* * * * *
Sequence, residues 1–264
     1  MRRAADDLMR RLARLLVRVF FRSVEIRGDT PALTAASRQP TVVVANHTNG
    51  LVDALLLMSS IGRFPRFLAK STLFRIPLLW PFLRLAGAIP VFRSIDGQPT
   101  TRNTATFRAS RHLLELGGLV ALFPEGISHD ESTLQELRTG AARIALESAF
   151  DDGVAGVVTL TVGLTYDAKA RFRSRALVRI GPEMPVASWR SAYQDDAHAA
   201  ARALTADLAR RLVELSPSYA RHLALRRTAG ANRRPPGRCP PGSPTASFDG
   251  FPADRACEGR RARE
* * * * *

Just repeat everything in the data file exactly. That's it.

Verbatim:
Sequence, residues 1–264
     1  MRRAADDLMR RLARLLVRVF FRSVEIRGDT PALTAASRQP TVVVANHTNG
    51  LVDALLLMSS IGRFPRFLAK STLFRIPLLW PFLRLAGAIP VFRSIDGQPT
   101  TRNTATFRAS RHLLELGGLV ALFPEGISHD ESTLQELRTG AARIALESAF
   151  DDGVAGVVTL TVGLTYDAKA RFRSRALVRI GPEMPVASWR SAYQDDAHAA
   201  ARALTADLAR RLVELSPSYA RHLALRRTAG ANRRPPGRCP PGSPTASFDG
   251  FPADRACEGR RARE